Cicero made some of his speeches as prosecutor in the extortion court of Rome. In Verrem is a set of speeches made against Verres, a man accused of many crimes committed during his governorship of Sicily. Cicero's initial oratory was not about the facts of the case itself, but rather about the state of the judicial system in Rome:

That he [Verres] was not taking money for himself alone, but had his three-year governorship of Sicily parcelled out in such a way that, he said, he would be doing very nicely if he kept his gains from the first year for his own use, handed over those of the second to his advocates and supporters, and reserved those of the third year - the richest and most lucrative of the three - entirely for his jurors.

This prompts me to tell you of a remark which I recently made before Manius Glabrio when the rejection of jurors was being held, and which I noticed made a profound impression on the people of Rome. I said that I thought there would come a time when foreign peoples would send delegations to Rome to request that the extortion law and this court be abolished. For if there were no courts, they believe that each governor would only carry off enough for himself and his children. With the courts as they are now, on the other hand, they reckon that each governor carries away enough for himself, his advocates, his supporters, the president of the court, and the jurors - in other words, an infinite amount. Their conclusion is that they are capable of satisfying the avarice of one greedy individual, but incapable of subsidizing a guilty man's acquittal.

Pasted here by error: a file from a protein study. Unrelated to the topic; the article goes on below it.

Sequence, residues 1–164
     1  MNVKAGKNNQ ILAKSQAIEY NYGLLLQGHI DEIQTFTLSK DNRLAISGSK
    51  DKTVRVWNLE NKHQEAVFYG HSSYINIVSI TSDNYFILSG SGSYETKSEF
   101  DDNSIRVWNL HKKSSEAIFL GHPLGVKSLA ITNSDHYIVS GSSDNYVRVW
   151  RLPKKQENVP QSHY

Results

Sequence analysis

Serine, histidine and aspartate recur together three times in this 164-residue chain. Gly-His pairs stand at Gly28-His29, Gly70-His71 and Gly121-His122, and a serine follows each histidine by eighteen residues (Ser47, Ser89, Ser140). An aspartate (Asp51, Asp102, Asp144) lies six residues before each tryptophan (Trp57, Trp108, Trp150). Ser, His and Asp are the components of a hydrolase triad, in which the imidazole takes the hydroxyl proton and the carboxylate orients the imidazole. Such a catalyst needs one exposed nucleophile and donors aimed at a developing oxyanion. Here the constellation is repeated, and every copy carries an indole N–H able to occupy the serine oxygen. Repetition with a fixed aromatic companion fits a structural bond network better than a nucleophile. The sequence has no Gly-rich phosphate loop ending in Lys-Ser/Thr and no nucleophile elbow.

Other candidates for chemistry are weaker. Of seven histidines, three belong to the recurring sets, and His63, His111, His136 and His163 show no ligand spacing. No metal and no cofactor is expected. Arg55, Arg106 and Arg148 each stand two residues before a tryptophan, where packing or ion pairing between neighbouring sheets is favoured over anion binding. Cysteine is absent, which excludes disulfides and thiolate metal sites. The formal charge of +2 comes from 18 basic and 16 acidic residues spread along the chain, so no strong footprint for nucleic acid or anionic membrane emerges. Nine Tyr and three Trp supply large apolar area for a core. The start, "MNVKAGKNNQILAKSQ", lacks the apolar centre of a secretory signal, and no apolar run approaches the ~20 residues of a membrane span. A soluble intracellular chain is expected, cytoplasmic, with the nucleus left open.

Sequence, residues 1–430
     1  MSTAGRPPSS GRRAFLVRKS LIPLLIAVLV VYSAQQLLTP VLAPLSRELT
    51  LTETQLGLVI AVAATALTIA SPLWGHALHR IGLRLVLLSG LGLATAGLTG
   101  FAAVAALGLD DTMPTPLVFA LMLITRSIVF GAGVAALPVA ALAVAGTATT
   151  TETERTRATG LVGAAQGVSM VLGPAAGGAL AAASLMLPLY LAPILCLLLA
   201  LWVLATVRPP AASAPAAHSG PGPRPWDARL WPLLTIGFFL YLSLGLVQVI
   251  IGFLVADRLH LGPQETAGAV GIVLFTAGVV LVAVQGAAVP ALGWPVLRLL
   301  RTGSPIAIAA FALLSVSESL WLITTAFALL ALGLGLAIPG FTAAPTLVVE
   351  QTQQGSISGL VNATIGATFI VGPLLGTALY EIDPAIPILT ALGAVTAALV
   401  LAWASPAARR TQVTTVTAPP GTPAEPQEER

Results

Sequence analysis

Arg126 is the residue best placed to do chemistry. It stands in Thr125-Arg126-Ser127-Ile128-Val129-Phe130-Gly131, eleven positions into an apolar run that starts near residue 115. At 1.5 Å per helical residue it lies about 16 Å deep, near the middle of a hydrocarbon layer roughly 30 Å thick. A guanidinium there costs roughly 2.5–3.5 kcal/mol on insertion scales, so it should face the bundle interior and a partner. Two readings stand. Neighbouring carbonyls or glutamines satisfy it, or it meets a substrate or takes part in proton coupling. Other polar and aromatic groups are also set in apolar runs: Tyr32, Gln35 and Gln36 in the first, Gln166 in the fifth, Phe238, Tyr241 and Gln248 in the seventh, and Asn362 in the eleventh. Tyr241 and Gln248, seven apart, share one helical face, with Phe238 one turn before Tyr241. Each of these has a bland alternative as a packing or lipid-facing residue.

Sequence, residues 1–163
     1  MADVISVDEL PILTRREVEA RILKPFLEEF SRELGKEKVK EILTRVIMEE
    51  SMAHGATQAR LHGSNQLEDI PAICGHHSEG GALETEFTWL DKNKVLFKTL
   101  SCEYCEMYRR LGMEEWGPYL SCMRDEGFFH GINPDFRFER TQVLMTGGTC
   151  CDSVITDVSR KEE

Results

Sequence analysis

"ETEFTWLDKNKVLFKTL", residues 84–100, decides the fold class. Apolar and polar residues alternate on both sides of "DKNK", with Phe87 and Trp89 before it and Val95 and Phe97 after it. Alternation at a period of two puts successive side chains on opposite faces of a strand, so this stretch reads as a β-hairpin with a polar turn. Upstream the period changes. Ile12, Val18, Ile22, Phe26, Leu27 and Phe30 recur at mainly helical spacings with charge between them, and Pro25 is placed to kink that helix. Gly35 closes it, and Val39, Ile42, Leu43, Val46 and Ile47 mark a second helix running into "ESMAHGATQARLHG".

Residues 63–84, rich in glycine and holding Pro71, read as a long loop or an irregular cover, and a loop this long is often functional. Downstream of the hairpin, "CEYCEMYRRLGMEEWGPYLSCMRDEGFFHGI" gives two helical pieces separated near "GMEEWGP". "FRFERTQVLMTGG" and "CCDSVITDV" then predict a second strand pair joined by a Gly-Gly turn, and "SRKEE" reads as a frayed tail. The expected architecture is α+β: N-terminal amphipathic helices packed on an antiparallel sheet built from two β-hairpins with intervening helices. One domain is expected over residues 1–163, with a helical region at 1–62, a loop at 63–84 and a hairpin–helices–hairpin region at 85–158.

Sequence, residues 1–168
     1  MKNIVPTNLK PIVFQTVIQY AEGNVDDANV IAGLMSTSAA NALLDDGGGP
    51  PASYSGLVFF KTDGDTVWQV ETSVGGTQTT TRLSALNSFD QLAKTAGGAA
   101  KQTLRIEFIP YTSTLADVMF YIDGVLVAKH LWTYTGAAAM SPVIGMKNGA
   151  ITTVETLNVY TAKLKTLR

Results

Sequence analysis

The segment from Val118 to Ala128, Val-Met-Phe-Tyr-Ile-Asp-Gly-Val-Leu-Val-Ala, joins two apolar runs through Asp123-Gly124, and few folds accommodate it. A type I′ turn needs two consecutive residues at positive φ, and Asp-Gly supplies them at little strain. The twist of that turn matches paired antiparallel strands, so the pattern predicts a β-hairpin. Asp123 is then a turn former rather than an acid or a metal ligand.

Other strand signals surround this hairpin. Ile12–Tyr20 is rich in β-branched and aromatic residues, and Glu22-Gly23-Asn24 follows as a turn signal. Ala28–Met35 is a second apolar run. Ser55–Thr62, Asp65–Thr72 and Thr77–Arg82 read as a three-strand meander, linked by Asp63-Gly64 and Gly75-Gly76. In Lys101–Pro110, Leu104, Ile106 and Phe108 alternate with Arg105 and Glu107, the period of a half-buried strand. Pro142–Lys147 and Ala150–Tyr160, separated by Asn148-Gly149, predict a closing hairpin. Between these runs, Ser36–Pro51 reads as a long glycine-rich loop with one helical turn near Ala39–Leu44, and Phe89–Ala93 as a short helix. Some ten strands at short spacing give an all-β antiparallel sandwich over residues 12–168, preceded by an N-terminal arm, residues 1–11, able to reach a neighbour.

Cicero, Political Speeches, pp 25-26 trans D. H. Berry Oxford's World Classics


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